is often chosen as a random matrix, which is incoherent with any dictionary with high probability.

The choice of a random matrix is appealing for many reasons. In addition to the fact that it provides theoretical guarantees of incoherence, it is well suited to the case where  is large, making it impossible to store a deterministic matrix  into memory, whereas it is sufficient to store the seed of a random process to generate a random matrix. On the other hand, large signals can often be cut into smaller parts that still admit sparse decompositions, e.g., image patches, which can be treated independently with a deterministic smaller matrix . When this is the case or when  has a reasonable size, the question of whether to use a deterministic matrix  or a random one arises, and it has been empirically observed that learned matrices  can outperform random projections: For example, it is shown in [38]

that classical dimensionality reduction techniques such as principal component analysis (PCA) or independent component analysis (ICA) could do better than random projections in noisy settings, and in 

[16] that jointly learning sensing matrices and dictionaries can do even better in certain cases. A Bayesian framework for learning sensing matrices in compressed sensing applications is also proposed in [39].

Following the latter authors, we study the case where  is not random but learned at the same time as the dictionary, and introduce a formulation which falls into out task-driven dictionary learning framework:


where we learn , and so that the variable  should be well reconstructed when encoding the “sensed” signal  with a dictionary . In a noiseless setting,  is naturally set to the same value as . In a noisy setting, it can be a corrupted version of .

After having presented our general task-driven dictionary learning formulation, we present next a strategy to address the corresponding nonconvex optimization problem.

4 Optimization

We first show that the cost function of our basic formulation (7) is differentiable and compute its gradient. Then, we refine the analysis for the different variations presented in the previous section, and describe an efficient online learning algorithm to address them.

4.1 Differentiability of

We analyze the differentiability of  as defined in Eq. (7) with respect to its two arguments and . We consider here the case where is a compact subset of a finite dimensional real vector space, but all proofs and formulas are similar when is a finite set of labels. The purpose of this section is to show that even though the sparse coefficients are obtained by solving a non-differentiable optimization problem, is differentiable on , and one can compute its gradient.

The main argument in the proof of Propositions 1 and 2 below is that, although the function  is not differentiable, it is uniformly Lipschitz continuous, and differentiable almost everywhere. The only points where is not differentiable are points where the set of nonzero coefficients of change (we always denote this set by in this paper). Considering optimality conditions of the elastic-net formulation of Eq. (1), these points are easy to characterize. The details of the proof have been relegated to the Appendix (Lemma 1 and Proposition 3) for readability purposes. With these results in hand, we then show that admits a first-order Taylor expansion meaning that it is differentiable, the sets where is not differentiable being negligible in the expectation from the definition of in Eq. (8). We can now state our main result:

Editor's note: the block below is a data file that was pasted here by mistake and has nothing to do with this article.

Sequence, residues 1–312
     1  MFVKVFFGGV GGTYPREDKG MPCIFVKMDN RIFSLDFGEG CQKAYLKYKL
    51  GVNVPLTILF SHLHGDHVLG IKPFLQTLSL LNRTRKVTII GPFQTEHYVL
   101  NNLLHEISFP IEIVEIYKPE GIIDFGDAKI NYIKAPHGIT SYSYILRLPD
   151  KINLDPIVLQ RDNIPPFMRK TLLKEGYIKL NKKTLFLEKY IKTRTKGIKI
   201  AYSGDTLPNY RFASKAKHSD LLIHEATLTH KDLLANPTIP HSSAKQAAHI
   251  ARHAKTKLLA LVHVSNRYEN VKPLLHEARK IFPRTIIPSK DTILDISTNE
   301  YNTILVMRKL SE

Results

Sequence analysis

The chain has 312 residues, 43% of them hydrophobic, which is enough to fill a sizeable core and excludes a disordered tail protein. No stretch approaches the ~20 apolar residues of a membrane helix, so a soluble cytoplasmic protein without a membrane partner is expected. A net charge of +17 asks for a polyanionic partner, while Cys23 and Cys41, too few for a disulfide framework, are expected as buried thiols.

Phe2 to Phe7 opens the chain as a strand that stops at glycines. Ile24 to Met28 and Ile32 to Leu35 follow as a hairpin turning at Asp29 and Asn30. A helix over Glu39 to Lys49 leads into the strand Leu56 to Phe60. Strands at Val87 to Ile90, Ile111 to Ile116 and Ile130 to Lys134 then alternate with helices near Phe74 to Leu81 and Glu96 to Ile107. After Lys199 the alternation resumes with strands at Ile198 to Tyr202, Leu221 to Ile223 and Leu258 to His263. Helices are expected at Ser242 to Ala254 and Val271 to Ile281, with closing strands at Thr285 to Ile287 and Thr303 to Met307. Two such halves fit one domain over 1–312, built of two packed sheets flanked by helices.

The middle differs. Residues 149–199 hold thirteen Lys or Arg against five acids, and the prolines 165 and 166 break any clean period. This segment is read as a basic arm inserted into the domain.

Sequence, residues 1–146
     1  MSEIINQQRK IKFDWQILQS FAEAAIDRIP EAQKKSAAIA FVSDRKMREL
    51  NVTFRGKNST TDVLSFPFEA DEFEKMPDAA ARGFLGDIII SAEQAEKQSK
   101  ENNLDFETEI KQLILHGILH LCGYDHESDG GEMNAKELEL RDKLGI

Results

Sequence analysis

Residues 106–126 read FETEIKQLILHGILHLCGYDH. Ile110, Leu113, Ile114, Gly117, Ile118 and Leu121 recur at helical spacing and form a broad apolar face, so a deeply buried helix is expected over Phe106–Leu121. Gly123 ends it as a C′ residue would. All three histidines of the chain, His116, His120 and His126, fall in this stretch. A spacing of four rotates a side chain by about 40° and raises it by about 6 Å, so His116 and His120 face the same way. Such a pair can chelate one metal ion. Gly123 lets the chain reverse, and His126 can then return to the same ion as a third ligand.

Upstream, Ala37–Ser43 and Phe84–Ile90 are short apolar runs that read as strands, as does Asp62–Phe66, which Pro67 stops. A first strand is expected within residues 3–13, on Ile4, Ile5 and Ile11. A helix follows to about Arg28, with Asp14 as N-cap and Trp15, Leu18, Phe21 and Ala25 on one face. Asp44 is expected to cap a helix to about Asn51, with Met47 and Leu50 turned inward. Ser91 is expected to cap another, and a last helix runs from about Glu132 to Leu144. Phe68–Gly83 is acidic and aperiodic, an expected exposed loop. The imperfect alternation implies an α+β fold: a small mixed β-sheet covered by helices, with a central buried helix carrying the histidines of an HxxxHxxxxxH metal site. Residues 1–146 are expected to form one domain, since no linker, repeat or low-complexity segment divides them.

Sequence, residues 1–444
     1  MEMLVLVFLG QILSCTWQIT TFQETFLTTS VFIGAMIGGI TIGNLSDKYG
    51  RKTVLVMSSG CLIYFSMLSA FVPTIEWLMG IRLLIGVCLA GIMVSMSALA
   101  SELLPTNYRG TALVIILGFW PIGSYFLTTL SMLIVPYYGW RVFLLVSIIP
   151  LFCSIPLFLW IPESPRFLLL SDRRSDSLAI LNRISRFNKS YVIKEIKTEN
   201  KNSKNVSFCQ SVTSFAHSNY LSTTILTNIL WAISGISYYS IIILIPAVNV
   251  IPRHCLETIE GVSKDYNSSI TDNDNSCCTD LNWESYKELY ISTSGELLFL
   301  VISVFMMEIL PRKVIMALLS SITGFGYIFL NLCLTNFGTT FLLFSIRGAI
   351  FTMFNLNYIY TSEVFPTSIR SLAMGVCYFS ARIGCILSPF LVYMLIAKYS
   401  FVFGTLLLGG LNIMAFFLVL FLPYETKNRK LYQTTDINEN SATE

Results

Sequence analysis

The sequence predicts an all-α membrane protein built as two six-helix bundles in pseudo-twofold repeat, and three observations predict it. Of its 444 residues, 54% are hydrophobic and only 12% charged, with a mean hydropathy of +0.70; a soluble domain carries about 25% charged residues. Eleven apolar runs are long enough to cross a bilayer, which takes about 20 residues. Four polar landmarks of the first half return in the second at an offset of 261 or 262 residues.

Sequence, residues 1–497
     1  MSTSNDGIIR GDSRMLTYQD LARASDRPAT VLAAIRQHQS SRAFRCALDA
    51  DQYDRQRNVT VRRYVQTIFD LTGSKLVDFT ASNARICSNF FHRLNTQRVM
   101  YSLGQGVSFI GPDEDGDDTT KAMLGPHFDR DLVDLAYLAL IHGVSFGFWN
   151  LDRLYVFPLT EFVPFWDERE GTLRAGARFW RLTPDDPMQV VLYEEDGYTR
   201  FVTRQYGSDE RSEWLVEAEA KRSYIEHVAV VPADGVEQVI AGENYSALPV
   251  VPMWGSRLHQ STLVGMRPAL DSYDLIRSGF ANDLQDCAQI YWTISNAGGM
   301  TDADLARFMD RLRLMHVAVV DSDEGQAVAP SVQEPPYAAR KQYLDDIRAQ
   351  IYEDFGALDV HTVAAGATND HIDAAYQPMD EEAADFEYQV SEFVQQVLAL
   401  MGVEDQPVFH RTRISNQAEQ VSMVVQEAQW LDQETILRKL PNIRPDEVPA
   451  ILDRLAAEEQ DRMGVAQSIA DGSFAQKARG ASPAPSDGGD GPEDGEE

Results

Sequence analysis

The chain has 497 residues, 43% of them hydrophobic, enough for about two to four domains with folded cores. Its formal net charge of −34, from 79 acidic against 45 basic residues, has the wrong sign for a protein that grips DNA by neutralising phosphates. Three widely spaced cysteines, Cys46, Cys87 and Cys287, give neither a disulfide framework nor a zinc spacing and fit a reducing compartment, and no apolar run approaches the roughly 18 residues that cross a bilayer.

Proposition 1 (Differentiability and gradients of )

Assume , (A), (B) and (C). Then, the function defined in Eq. (7) is differentiable, and


where is short for , and is a vector in that depends on with


where denotes the indices of the nonzero coefficients of .

The proof of this proposition is given in Appendix. We have shown that the function defined in Eq. (7) is smooth, and computed its gradients. The same can be done for the more general formulation of Eq. (10):

Proposition 2 (Differentiability, extended formulation)

Assume , (A), (B) and (C). Then, the function defined in Eq. (10) is differentiable. The gradients of are


where is short for , and is defined in Eq. (17).

The proof is similar to the one of Proposition 1 in Appendix, and uses similar arguments.

4.2 Algorithm

Stochastic gradient descent algorithms are typically designed to minimize functions whose gradients have the form of an expectation as in Eq. (16). They have been shown to converge to stationary points of (possibly nonconvex) optimization problems under a few assumptions that are a bit stricter than the ones satisfied in this paper (see [31] and references therein).555As often done in machine learning, we use stochastic gradient descent in a setting where it is not guaranteed to converge in theory, but is has proven to behave well in practice, as shown in our experiments. The convergence proof of Bottou [31] for non-convex problems indeed assumes three times differentiable cost functions. As noted in [19], these algorithms are generally well suited to unsupervised dictionary learning when their learning rate is well tuned.